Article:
Near Eastern Humanities

HUM 247 / NES 247

Near Eastern Humanities I: From Antiquity to Islam

This course focuses on the Near East from antiquity to the early centuries of Islam. It introduces some of the most important works of literature, politics, ethics, aesthetics, religion, and science which emerged from this pivotal period of history.

Often, the cultural contributions of the Near East are viewed through a western lens, that is to say, in terms of the ‘contribution’ made by Near Eastern cultures to those that flourished in other parts of the world, particularly Europe. Those contributions were, indeed, immense and long lasting (just to quote an example: we still divide time into 60 seconds and 60 minutes because of the work that ancient Babylonian astronomers carried out): this course focuses on the original context from which they emanated.

We ask how, why, and to what ends the Near East sustained such a long period of high humanistic achievement, from Pharaonic Egypt to Islamic Iran, which in turn formed the basis of the high culture of the following millennium.  

Sample Readings:

Religious Texts: Enuma Elish, Hebrew Bible, Avesta, New Testament, Babylonian Talmud, Qurʾan

Visual Art and Material Culture: Pharaonic sculpture, Mesopotamian stele, Jewish magic bowls, Arabic rock inscriptions, Umayyad palace at Qusayr `Amra

Literature: Epic of Gilgamesh, Tale of Khusraw and the Page, War Songs of `Antara bin Shaddad, al-Jahiz’s In Praise of Books

Scientific and Philosophical Texts: Babylonian Astronomical Diaries, Enneads of Plotinus, Book of Thousands of Abu Ma`shar

Historical Texts: Behistun inscription of Darius I, Ecclesiastical History of Eusebius, Letters of the Umayyad Caliphs, History of the Prophets and Kings of al-Tabari

View this course on the Registrar’s website.


HUM 248 / NES 248

Near Eastern Humanities II: Medieval to Modern Thought and Culture 

This course introduces students to Near Eastern societies and cultures over the last one thousand years. Students will gain an understanding of the historical and political changes that took place in a region that stretches from Andalusia to the Indus valley, from a few centuries after the rise of Islam up to the modern age. We will explore the diverse religious, ethnic, linguistic and ultimately national communities that lived and continue to live in this region. Reading translations of works written originally in Arabic, Persian, Turkish, and Hebrew, students will gain an appreciation of the vastness, interconnectedness, and complexity of the humanistic production of the region.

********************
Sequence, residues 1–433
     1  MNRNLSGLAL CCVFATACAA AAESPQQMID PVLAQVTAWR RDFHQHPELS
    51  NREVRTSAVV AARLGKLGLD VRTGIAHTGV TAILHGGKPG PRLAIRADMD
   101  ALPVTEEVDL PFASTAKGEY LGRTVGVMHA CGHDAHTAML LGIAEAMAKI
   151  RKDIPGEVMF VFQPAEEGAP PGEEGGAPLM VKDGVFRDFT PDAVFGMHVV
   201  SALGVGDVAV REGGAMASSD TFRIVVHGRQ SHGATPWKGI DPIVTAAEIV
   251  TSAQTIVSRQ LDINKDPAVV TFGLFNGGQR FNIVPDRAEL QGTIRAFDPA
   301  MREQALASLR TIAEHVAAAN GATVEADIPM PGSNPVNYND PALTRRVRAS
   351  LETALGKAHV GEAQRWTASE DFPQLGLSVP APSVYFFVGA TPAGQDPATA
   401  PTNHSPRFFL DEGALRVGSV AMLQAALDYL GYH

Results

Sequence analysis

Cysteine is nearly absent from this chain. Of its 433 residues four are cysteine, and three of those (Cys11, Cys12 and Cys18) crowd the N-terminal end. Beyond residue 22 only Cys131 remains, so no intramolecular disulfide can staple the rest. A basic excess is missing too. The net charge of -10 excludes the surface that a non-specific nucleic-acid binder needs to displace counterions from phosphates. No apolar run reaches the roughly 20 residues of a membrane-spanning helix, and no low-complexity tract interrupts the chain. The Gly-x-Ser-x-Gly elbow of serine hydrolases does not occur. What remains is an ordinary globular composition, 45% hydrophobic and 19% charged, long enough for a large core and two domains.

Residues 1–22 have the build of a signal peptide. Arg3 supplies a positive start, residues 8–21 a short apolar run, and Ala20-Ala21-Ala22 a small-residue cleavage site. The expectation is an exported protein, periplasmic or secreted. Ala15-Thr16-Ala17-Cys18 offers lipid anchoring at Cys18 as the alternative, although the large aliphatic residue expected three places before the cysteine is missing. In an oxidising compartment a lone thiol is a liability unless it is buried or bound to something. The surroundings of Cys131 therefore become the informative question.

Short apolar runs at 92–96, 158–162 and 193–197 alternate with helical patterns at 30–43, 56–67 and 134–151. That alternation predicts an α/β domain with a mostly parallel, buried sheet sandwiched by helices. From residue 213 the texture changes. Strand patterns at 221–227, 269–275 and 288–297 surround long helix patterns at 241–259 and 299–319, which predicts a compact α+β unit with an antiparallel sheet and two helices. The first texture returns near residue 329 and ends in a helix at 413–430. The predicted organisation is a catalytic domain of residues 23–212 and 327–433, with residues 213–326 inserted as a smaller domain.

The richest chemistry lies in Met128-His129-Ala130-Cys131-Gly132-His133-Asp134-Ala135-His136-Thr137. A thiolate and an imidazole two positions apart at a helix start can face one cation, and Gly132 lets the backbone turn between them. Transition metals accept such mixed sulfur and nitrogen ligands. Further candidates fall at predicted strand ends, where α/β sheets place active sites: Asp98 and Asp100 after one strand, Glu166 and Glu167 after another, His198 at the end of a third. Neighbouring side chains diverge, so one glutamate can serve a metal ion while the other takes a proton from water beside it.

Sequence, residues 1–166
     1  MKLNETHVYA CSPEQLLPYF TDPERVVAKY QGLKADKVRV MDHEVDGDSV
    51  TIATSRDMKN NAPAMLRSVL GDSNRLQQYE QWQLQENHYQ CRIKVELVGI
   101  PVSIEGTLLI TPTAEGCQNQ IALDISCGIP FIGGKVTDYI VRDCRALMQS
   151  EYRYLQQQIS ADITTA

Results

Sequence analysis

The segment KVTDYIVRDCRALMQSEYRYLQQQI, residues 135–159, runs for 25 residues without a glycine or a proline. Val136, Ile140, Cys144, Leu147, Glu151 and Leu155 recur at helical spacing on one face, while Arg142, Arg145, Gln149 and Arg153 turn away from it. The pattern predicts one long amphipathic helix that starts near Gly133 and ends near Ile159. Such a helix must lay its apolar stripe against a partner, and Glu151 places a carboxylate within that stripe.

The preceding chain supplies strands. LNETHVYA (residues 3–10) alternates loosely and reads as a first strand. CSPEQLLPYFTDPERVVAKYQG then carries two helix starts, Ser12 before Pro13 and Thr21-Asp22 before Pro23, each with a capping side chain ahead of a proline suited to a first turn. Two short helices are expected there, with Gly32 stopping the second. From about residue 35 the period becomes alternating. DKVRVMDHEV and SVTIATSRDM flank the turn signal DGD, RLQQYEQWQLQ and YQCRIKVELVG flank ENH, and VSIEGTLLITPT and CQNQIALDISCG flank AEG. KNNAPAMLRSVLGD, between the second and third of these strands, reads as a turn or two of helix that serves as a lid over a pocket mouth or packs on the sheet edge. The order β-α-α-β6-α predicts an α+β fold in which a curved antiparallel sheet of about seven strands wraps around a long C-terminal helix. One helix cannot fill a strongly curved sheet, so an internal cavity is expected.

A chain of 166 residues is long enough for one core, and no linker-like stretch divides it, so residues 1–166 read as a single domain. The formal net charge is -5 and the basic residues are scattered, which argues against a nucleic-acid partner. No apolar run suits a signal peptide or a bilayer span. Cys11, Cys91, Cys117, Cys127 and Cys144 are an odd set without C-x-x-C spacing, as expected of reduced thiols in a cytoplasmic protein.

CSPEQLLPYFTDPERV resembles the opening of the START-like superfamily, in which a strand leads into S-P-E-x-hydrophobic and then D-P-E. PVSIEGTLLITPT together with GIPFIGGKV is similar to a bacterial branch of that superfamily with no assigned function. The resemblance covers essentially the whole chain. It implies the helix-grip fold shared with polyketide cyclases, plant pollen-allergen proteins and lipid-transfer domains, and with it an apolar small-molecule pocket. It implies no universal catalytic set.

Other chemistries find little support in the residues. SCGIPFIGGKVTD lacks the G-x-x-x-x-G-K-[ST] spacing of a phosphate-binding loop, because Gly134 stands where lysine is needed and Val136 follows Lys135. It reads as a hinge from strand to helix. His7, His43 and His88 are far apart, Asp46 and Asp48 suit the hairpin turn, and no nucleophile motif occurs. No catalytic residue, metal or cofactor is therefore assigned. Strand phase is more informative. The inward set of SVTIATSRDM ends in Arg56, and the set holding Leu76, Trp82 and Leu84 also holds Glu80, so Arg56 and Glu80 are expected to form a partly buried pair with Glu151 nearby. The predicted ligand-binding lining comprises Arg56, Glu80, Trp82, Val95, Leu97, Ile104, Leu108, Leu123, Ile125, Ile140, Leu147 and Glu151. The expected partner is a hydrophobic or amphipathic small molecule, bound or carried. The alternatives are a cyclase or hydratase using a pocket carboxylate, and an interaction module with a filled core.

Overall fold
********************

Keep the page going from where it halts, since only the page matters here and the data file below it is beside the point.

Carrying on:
Sample Readings:

Al-Ghazali, Path to Sufism

Ibn Battuta, The Travels of Ibn Battuta

Tayyeb Saleh, Season of Migration to the North

The Book of Dede Korkut

Mustafa Ali, The Ottoman Gentleman of the Sixteenth Century: Mustafa Ali’s Tables of Delicacies Concerning the Rules of Social Gatherings

Ahmet Karamustafa, “Sarı Saltık Becomes a Friend of God,” in Tales of God’s Friends: Islamic Hagiography in Translation

Visit this course on the Registrar’s website.


FAQs

What is the Near Eastern Humanities Sequence?

The Near Eastern Humanities Sequence is a team-taught, year-long sequence that introduces students to the intertwined cultures that have developed in the Near East over the past six millennia, from antiquity until the present day.  

The course showcases great works drawn from the fields of art, literature, philosophy, religion, and science – and examines them in their various historical contexts. We begin with the oldest known written texts in the world, which come from ancient Mesopotamia and Egypt, and end with books, art, and media from the 20th– and 21st-century Middle East.